As both integrative oncology clinics experienced very high demand and dedicated a lot of time to patients, the two had to manage tight time and staff resources. On the other hand, the time-consuming patient care led to positive and intense patient contact and reduced the burden on the conventional oncologists and nurses by satisfying patients’ needs to talk and to be heard and informed about complementary medicine. Both integrative clinics also placed a great value on a holistic and patient-centered, individualized approach, which is one of the hallmarks of integrative medicine [10, 30, 31].

Both integrative medicine centers had at least one conventional physician as part of the team who acted as a door opener for the project regarding other departments and the public. This was a key aspect for the visibility and acceptance of the project. The importance of particular persons for integrative medicine projects has already been highlighted in other studies [30, 32].

The impact of the merger of conventional and complementary medicine on the corporate culture is strongly influenced by the integration type, which is used within a merger.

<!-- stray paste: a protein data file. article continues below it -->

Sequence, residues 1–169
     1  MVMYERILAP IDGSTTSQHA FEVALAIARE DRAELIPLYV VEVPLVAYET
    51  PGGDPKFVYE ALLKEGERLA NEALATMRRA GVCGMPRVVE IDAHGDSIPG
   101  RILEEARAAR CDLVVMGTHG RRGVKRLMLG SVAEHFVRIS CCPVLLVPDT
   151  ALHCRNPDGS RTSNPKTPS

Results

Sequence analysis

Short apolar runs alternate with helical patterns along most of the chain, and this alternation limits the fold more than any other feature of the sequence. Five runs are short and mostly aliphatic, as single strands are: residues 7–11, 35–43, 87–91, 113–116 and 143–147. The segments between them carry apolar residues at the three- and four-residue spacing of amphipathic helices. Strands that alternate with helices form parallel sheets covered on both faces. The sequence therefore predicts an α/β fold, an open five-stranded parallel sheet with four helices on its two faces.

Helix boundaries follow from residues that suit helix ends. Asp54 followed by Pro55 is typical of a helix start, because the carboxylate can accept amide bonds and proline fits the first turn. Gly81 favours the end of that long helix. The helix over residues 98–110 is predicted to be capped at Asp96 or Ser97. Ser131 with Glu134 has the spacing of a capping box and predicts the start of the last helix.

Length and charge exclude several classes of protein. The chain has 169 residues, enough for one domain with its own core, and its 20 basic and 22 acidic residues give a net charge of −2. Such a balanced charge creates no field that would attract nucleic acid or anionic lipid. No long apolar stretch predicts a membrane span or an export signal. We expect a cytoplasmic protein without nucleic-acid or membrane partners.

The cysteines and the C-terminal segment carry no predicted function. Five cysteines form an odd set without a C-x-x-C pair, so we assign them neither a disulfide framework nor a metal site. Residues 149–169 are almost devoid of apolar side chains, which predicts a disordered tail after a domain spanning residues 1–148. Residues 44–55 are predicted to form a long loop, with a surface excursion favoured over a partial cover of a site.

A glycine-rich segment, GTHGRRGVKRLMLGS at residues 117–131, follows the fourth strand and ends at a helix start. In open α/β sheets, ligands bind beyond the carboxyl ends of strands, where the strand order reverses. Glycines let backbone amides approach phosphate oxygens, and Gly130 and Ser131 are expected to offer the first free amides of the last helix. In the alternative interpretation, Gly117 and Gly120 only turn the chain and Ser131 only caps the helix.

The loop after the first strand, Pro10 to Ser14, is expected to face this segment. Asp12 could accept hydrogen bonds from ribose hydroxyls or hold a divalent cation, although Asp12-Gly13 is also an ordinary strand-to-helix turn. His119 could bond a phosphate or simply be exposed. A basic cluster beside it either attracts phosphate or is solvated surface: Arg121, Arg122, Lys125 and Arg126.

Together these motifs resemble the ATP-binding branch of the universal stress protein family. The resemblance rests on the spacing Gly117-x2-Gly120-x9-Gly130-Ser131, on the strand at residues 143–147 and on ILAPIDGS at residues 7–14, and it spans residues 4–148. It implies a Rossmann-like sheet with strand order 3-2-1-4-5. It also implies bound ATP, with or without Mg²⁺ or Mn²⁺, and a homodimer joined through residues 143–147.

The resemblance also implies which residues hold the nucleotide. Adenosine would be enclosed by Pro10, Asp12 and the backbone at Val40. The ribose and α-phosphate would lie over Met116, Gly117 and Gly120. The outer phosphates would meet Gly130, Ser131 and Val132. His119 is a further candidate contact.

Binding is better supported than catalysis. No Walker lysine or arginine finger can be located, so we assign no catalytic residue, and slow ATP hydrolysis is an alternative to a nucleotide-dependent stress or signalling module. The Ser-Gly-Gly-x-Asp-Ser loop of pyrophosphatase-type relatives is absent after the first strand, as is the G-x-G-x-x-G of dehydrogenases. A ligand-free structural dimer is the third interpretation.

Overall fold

According to the theoretical framework of mergers, both explored centers have chosen quite different integration types [18] and could not be compared point by point, while the type of merger integration in the newly established German breast cancer center can be most accurately characterized as the “best of both worlds” with a high level of structural and spatial integration within one entity. Thus, it generated a need for a strong new corporate culture that represents a mixture of both partners. The integrative medicine center in the USA was implemented in an already existing clinic model and used the “linking” integration model. Although in the clinic in the USA there is an overlap of the cultures of the conventional departments and the integrative service, the conventional departments and the integrative service are still independent entities with their own cultural characteristics. Other theoretical frameworks could be applied to the case studies. Regarding the theoretical framework of integrative medicine, which was described by Boon and colleagues [8] and included seven models of team-oriented health care practice, the USA integrative medicine cancer service can be classified as a “multidisciplinary” model with two individual teams (the conventional and integrative medicine professionals work in separate teams), while the breast cancer clinic provides an example of the “integrative” model with a multidisciplinary team (conventional and integrative medicine professionals) that practices consensus building.